Thursday, June 3, 2021 at 7 p.m. | Tickets: $22, $34, $42

Amythyst Kiah with special guests Ashley Dean and Soultru

Saturday, June 5, 2021 at 7:30 p.m. | Tickets: $22, $27, $32

Walter Trout with special guest Avey Grouws Band

Friday, June 18, 2021 at 8 p.m. | Tickets: $22, $27, $32


Palmer collaborated with local companies, Ballet Quad Cities and Quad City Symphony Orchestra, as well as Quad City Arts and River Music Experience, to showcase a diverse lineup of genres — from ballet to rock to magic.

“We’re trying to help support our partners, like the River Music Experience, trying to help them get programming,” Palmer said. Though the Adler Foundation has been around since the mid-1980s, this series is new, he noted.

“The foundation has been involved with us every year, but we wanted to make sure people knew where the support for this was coming from,” he said. “They made the commitment for finding programming, and it’s greatly appreciated.”

For Q-C area performers, the new series is “something they can add to their resume, helps to hopefully expose them to fans that don’t even know they’re fans yet,” Palmer said. “It helps them to continue to grow their fan base, get their exposure out there.”

“We’ve always had a great relationship with the Adler and have worked with them over the years on a few smaller events, but this is our first run of true -show partnerships with them,” said Kate Dale, RME’s director of entertainment.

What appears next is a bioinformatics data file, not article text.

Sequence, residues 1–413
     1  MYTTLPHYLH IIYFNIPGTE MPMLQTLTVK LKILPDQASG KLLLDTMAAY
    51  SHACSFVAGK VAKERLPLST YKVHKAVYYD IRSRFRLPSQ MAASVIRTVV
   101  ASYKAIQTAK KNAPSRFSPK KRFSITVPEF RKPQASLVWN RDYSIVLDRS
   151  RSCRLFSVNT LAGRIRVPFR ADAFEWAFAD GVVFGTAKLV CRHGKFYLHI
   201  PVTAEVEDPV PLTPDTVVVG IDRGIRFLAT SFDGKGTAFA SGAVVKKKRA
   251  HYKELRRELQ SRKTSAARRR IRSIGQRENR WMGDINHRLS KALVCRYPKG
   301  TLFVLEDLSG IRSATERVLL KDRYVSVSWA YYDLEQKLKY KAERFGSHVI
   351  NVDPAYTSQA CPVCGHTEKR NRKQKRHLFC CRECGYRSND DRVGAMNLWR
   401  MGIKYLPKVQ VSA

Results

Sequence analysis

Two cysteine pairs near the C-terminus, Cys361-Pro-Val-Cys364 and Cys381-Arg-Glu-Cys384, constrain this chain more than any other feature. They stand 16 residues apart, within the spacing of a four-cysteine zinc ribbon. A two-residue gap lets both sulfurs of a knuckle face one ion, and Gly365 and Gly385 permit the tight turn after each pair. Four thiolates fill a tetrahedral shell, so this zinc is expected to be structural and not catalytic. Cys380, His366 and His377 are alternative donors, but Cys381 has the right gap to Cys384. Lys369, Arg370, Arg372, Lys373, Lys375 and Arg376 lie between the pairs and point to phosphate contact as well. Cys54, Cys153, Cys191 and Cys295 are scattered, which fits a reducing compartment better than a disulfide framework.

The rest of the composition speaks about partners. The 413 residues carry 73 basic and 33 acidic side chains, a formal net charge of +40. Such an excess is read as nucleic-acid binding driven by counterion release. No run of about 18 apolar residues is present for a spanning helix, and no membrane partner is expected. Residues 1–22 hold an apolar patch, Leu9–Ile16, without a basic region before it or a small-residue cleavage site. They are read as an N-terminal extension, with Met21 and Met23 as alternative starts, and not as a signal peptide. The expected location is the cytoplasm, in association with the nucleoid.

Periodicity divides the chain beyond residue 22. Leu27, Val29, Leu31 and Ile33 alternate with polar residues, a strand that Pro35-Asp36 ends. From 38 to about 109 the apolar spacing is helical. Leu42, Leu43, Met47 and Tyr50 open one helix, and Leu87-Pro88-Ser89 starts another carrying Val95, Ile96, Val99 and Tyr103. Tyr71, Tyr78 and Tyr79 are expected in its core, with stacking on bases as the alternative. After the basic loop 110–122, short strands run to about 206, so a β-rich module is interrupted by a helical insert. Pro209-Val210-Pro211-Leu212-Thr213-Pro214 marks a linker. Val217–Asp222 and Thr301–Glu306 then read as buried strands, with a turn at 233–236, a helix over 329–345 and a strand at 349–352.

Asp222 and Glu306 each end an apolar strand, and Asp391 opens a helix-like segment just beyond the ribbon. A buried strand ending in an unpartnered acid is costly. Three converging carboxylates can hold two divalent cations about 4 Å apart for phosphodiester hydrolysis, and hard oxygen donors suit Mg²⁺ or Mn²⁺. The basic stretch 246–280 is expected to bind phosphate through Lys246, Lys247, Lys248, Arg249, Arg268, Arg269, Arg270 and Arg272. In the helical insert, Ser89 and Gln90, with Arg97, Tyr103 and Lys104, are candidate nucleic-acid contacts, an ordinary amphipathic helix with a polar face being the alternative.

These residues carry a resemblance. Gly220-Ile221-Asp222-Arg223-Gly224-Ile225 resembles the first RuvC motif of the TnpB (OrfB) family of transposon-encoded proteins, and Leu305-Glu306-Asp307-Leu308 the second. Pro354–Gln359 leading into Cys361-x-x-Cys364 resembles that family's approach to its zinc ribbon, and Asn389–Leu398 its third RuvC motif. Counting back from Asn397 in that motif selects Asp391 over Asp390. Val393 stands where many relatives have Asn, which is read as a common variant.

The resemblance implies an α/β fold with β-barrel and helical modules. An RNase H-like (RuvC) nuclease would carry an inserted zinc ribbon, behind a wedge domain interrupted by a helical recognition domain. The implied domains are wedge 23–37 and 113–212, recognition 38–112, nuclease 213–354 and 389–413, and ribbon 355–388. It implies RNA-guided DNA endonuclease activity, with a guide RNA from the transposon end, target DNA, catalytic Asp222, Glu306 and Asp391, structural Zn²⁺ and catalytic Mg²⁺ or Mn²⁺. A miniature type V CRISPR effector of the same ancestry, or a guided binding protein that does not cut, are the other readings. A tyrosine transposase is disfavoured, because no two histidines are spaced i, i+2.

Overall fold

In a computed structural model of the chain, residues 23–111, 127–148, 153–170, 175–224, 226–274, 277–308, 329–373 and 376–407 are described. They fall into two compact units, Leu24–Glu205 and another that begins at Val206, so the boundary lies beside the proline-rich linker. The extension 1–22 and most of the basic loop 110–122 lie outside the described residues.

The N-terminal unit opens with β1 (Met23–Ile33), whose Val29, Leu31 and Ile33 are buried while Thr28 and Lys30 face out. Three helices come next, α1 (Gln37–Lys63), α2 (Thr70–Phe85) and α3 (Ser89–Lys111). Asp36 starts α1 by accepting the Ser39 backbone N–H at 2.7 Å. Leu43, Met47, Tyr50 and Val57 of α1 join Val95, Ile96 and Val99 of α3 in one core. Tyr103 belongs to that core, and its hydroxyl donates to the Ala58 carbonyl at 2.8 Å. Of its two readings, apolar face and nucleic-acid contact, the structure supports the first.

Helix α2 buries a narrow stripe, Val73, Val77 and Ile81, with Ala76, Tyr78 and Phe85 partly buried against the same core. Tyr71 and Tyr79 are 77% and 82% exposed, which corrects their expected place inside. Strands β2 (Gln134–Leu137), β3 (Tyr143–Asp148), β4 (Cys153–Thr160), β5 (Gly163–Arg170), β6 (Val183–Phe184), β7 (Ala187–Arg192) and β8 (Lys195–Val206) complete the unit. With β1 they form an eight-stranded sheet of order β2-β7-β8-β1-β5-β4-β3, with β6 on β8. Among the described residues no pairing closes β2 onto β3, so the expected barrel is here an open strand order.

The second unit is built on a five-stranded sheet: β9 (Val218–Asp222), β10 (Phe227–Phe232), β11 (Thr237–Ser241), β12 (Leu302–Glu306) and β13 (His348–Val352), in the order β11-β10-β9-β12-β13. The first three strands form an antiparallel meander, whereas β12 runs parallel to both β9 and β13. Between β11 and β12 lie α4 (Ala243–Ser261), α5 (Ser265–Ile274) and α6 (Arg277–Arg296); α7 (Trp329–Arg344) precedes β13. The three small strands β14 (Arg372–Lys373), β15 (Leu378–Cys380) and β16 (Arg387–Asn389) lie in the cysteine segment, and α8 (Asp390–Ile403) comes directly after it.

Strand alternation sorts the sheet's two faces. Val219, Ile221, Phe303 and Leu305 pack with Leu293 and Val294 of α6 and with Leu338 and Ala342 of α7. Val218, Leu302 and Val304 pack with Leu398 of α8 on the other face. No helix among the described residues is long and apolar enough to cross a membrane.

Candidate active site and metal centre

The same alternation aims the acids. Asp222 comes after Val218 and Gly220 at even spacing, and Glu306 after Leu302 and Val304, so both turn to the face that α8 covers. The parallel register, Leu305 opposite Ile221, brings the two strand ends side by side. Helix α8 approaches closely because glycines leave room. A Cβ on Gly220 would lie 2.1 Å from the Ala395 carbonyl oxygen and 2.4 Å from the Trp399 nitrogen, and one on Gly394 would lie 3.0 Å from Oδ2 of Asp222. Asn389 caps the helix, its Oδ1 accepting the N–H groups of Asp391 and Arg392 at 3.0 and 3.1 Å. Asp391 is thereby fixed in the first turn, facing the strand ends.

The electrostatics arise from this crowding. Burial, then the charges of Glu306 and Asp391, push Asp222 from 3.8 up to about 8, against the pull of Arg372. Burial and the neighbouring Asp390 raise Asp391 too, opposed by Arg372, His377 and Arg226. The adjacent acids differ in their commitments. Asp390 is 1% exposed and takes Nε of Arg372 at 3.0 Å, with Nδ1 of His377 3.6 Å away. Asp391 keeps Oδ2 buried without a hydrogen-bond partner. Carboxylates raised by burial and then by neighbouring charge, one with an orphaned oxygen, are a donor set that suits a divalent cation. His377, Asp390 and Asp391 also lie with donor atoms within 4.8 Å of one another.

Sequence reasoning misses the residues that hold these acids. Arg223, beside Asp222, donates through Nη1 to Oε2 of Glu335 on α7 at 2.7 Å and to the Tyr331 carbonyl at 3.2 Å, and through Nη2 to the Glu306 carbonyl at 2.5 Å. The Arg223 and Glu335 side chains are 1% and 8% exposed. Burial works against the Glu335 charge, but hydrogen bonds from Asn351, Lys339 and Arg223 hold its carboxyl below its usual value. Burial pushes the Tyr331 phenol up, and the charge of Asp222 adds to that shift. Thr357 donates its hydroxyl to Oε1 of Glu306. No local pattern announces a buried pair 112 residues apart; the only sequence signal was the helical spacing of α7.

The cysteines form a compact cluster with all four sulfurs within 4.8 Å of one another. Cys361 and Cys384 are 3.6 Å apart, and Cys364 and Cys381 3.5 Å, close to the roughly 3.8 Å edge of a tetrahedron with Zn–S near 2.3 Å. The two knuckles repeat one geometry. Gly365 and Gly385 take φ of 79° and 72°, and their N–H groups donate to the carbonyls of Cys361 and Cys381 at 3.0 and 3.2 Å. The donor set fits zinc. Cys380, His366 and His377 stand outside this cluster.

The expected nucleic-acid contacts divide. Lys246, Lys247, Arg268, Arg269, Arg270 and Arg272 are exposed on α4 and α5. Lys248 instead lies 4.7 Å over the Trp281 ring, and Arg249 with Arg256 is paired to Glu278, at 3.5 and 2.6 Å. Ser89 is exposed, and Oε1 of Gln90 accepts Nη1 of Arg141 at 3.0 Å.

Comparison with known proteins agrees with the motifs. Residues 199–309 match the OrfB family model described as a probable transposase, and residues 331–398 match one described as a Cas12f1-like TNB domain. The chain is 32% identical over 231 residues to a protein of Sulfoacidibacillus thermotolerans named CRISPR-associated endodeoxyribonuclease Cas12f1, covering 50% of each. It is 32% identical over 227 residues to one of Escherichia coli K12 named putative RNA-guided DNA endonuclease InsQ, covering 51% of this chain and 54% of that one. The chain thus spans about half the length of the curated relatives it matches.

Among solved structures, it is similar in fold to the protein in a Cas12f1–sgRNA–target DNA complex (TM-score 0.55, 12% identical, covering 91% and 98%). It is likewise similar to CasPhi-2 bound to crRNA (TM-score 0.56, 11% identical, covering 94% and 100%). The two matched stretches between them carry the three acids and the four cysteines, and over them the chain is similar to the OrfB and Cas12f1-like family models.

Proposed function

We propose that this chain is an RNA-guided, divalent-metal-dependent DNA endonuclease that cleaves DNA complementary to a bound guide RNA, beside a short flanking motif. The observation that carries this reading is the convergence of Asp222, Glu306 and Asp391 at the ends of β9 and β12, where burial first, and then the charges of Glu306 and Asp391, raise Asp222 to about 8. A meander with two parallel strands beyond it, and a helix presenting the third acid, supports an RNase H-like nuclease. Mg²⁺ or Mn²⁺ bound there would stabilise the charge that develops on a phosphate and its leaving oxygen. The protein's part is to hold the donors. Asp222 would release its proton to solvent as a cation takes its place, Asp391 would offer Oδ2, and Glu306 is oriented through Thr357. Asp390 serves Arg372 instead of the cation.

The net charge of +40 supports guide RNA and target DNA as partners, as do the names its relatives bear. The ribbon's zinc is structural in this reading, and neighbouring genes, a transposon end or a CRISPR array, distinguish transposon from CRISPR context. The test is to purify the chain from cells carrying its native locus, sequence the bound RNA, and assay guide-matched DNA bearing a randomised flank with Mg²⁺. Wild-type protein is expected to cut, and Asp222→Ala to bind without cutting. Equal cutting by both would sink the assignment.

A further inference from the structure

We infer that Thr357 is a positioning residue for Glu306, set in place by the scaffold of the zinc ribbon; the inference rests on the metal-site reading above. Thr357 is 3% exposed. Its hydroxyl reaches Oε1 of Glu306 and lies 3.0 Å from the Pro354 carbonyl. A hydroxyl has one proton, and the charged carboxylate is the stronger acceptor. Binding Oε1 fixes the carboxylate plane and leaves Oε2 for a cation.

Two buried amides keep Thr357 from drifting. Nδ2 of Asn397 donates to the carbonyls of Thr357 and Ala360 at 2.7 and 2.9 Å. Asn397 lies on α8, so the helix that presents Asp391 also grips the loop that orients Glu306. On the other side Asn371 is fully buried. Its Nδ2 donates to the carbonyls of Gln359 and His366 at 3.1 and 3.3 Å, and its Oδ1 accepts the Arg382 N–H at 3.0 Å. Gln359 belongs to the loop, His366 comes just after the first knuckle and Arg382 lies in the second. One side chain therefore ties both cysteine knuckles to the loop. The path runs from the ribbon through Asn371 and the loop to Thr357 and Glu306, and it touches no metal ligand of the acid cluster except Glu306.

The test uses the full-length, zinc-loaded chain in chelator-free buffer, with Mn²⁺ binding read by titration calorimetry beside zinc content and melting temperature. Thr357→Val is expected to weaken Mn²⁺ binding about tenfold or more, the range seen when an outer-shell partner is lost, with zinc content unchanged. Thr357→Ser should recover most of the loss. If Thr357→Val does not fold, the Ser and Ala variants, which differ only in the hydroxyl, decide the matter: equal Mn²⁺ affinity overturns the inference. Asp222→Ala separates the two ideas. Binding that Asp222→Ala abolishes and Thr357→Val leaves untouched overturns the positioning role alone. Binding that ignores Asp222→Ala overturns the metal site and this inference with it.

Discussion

“I think after the year we’ve had, everyone in the entertainment industry is eager to get back to work,” Dale said. “And while we’re all ready and willing, there’s that element of being safely able to do so. The Redstone Room is small enough that limiting capacity doesn’t make sense for us, we need to be able to be back 100% to make it work.

“With the Adler, they are large enough where they can limit capacity with pod seating, and still make the venue feel full and do so safely. So being able to be a part of helping bring live music back to our community sooner than we are able to (at Redstone, indoors), is really valuable.

“It was great to work with Rick on band ideas for these shows, and being able to offer local bands some of the opening slots is huge,” she said. “It was equally important to us to get some of our locally-based musicians back to work as it was to bring in touring artists; no sector of the entertainment industry has been left unscathed from this pandemic, so it’s great that we’re able to all join forces to get bands back on stage and fans in seats.”

“We are thrilled to be a part of this Adler Theatre series contributing to the re-awakening of our vibrant Quad-Cities live music scene,” said QCSO executive director Brian Baxter. “The Adler Theatre is a vital partner of ours and serves as the Iowa home of our orchestra, so it is wonderful to be able to contribute to this series led by the Adler Theatre Foundation.”

The QCSO musicians to perform will be violinist Emily Nash, violist Bruno Vas da Silva, and associate principal bass Kit Polen. They will do some of the pieces they performed Feb. 27 at a Signature Series concert of American music in the Figge Art Museum lobby.